Wednesday 17 March 2010

Survey on Essential Skills for Solution Architects

I am involved in research for building capability framework for the role of solution architect. As part of this research, we have launched a survey to distinguish essential capabilities from a list of 35 capabilities. Kindly respond to the survey at http://www.surveymonkey.com/s/36WZK5H if you work in the area of solution architecture. With only nine questions, this survey will take less than ten minutes of your time.

We intend to publish a series of papers in academic conferences to share the findings of this research in public domain. Your contribution will help make this happen. Thanks in advance!

Wednesday 10 March 2010

Research Methods

While browsing Internet, I stumbled upon a web site at http://www.mcli.dist.maricopa.edu/proj/res_meth/rmvl/index.html, which has provided useful information regarding research methods. My notes are as follows:

1.       Experimental: This method is one in which a researcher manipulates an independent variable (anything that can vary) under highly controlled conditions to see if this produces (causes) any changes in a dependent variable. He has to ensure holding all other variables, variables that might also affect the dependent variable, constant. The method can help in determining cause-and-effect relationships. A major limitation is that this method can only be used when it is practical and ethical for the researcher to manipulate the independent variable.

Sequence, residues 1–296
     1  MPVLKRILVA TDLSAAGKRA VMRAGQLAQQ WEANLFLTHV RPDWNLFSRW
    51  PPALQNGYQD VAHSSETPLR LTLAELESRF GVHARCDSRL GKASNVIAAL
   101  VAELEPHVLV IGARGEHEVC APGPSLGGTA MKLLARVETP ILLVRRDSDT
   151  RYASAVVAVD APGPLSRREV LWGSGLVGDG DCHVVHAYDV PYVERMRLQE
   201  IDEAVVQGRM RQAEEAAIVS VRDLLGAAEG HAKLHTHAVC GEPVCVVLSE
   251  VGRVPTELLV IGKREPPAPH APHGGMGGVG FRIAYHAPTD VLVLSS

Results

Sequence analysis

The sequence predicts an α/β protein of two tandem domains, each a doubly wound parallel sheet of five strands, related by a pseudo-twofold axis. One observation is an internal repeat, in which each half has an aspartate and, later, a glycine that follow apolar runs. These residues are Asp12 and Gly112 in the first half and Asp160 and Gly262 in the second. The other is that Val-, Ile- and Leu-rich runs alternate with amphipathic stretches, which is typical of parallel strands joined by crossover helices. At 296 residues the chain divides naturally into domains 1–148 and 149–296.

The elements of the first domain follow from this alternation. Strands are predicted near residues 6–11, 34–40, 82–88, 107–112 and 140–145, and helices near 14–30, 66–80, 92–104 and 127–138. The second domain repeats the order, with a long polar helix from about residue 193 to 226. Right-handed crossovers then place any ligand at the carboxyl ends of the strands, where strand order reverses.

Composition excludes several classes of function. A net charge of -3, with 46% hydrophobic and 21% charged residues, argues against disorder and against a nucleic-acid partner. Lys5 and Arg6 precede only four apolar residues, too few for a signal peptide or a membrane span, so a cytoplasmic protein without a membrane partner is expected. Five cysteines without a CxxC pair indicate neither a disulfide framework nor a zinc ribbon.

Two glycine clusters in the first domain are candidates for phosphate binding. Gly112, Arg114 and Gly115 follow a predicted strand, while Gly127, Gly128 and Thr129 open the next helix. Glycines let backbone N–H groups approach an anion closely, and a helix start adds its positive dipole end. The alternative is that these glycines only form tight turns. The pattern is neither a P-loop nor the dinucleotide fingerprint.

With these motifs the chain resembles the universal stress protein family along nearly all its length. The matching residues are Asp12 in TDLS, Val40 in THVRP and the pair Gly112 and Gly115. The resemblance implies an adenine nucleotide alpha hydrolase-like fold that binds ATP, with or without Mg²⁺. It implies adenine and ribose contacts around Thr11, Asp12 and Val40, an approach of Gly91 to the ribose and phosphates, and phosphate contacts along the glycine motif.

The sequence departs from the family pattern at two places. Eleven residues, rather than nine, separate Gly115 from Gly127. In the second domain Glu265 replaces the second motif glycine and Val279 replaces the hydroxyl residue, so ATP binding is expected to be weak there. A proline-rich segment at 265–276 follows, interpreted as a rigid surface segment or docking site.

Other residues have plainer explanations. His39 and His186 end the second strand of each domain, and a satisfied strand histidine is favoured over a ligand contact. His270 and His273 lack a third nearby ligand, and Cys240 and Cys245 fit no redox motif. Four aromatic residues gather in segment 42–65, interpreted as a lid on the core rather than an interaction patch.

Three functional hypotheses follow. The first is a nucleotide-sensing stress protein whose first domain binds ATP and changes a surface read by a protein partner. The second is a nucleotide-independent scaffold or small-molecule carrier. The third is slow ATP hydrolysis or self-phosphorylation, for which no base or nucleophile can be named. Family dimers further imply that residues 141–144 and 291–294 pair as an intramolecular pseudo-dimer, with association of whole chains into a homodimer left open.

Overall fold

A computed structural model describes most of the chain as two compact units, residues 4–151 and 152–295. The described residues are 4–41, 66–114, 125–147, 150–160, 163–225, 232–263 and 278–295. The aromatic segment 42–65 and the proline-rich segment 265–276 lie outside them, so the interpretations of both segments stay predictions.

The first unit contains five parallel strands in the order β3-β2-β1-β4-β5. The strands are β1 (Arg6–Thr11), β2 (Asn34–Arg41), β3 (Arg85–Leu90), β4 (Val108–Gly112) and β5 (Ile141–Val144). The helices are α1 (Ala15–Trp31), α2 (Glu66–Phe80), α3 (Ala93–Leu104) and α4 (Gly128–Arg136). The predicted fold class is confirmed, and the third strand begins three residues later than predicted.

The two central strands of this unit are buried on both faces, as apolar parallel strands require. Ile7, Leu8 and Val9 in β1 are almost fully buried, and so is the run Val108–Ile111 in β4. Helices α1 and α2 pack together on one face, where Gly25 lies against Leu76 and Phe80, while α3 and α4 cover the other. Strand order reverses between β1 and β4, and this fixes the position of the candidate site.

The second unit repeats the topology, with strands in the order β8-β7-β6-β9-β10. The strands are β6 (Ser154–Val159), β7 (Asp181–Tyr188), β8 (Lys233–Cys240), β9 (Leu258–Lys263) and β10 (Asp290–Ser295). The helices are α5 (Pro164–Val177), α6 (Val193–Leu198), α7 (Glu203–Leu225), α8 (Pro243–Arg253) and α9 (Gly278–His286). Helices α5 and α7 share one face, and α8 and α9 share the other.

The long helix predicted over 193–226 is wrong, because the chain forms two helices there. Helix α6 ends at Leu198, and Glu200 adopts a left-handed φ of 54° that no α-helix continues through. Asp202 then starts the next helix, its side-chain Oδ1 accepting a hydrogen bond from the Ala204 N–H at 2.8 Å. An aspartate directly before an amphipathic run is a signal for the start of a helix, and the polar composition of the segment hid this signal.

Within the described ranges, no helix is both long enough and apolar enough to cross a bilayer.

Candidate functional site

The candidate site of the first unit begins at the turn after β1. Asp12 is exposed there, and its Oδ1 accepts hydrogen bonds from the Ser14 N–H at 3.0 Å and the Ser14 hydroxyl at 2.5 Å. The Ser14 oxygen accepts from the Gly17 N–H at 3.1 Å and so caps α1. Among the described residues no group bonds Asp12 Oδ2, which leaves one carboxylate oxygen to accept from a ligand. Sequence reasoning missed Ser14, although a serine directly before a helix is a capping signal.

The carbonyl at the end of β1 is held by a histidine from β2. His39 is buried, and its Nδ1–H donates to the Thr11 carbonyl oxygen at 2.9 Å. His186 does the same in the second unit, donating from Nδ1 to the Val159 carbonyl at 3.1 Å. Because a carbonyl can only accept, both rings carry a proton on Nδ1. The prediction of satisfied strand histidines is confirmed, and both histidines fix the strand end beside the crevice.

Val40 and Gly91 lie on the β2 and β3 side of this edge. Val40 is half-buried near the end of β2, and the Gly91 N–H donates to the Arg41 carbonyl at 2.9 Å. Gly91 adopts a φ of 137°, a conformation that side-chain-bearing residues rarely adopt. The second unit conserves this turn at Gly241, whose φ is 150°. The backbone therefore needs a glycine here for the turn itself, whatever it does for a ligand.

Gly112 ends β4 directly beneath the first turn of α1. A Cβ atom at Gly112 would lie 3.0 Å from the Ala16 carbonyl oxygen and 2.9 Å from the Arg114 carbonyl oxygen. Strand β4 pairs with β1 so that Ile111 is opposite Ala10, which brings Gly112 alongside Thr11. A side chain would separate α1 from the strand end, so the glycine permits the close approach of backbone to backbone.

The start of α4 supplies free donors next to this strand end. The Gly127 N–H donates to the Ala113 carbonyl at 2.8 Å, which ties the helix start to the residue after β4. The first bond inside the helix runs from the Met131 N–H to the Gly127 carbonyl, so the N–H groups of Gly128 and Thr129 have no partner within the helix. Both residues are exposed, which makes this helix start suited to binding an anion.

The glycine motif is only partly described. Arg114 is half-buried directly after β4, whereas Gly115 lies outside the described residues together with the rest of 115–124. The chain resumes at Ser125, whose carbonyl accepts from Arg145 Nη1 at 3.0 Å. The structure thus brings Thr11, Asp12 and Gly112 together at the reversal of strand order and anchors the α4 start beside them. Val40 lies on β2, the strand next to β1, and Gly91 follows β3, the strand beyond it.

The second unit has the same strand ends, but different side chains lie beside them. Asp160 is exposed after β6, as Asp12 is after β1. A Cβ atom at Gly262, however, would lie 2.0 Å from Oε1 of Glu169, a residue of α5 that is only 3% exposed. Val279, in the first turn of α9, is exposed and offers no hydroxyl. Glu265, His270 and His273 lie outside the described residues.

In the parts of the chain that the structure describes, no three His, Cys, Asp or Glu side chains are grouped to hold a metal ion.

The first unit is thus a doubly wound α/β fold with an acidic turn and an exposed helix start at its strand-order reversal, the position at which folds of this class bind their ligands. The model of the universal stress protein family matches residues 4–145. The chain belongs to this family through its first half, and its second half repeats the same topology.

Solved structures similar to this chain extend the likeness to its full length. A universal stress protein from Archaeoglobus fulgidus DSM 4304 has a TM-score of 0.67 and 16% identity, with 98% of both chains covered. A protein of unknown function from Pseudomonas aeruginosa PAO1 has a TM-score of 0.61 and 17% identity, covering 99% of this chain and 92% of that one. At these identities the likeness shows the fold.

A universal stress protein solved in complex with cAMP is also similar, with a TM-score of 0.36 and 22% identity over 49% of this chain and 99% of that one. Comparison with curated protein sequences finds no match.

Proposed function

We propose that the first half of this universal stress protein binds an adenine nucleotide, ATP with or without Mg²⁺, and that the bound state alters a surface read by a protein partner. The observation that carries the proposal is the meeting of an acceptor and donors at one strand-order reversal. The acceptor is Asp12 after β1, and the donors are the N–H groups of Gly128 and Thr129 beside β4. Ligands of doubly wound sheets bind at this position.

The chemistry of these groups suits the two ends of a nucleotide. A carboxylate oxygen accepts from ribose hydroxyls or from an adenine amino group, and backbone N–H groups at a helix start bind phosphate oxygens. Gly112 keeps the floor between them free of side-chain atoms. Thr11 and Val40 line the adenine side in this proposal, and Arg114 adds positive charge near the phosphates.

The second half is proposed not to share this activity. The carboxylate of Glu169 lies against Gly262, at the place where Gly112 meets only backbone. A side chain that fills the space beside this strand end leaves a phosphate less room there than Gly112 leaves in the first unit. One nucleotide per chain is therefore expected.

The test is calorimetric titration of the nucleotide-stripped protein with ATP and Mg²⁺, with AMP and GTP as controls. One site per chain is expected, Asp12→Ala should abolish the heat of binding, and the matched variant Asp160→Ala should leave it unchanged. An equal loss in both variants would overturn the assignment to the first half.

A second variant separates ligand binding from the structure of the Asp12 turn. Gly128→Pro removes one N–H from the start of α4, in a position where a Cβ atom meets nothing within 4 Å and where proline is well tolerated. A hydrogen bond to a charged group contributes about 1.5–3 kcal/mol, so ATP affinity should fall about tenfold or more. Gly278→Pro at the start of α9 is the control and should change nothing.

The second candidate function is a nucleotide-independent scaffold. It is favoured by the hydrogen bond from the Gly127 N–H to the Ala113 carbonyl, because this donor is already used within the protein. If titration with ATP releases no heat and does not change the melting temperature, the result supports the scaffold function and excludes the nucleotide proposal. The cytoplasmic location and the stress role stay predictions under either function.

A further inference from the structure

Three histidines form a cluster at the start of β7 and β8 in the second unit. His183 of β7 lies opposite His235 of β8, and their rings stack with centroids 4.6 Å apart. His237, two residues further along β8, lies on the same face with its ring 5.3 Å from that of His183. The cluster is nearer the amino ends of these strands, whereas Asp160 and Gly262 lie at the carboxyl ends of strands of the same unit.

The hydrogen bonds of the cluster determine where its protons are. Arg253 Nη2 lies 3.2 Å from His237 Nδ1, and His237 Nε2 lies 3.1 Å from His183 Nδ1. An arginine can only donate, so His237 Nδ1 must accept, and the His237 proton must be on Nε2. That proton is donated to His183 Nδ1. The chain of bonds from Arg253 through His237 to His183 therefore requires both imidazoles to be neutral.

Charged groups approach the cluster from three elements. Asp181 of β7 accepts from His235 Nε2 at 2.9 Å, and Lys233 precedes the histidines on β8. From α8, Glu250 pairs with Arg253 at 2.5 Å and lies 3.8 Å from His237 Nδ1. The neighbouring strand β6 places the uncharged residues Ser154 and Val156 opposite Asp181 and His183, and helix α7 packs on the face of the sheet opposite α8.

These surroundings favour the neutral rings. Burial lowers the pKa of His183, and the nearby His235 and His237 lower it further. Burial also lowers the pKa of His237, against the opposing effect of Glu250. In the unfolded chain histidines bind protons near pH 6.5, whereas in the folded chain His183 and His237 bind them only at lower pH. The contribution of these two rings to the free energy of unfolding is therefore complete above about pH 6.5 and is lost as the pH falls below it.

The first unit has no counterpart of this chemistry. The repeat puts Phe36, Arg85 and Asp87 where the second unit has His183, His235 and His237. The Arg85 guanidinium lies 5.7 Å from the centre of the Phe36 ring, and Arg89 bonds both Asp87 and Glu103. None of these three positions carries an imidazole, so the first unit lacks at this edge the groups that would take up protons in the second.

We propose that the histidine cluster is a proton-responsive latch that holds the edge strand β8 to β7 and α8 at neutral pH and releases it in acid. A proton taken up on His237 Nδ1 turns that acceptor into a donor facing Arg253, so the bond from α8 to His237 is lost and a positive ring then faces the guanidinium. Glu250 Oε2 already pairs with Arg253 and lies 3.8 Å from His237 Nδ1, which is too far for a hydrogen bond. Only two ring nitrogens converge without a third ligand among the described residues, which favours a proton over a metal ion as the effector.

2.       Following four research methods are called as descriptive methods. Use of these methods does not allow drawing conclusions about cause-and-effect relationships but can be used where experimental method cannot be used.

a.       Correlation: This method helps determine the degree and direction of relationship between two or more variables or measures of behavior. It also can be used as a basis for prediction.

b.      Naturalistic observation: In this method, the researcher very carefully observes and records some behavior or phenomenon, sometimes over a prolonged period, in its natural setting.

c.       Survey: Surveys are particularly useful when researchers are interested in collecting data on aspects of behavior that are difficult to observe directly (such as thoughts about suicide) and when it is desirable to sample a large number of subjects. Since it relies on a self-report method of data collection, intentional deception, poor memory, or misunderstanding of the question can all contribute to inaccuracies in the data.

d.      Case Study: It involves an in-depth descriptive record, kept by an outside observer, of an individual or group of individuals. They often rely on descriptive information provided by different people. This leaves room for important details to be left out. Also, much of the information collected is retrospective data, recollections of past events, and is therefore subject to the problems inherent to memory.

The site also provides more details, which you may find useful if you are interested in this area.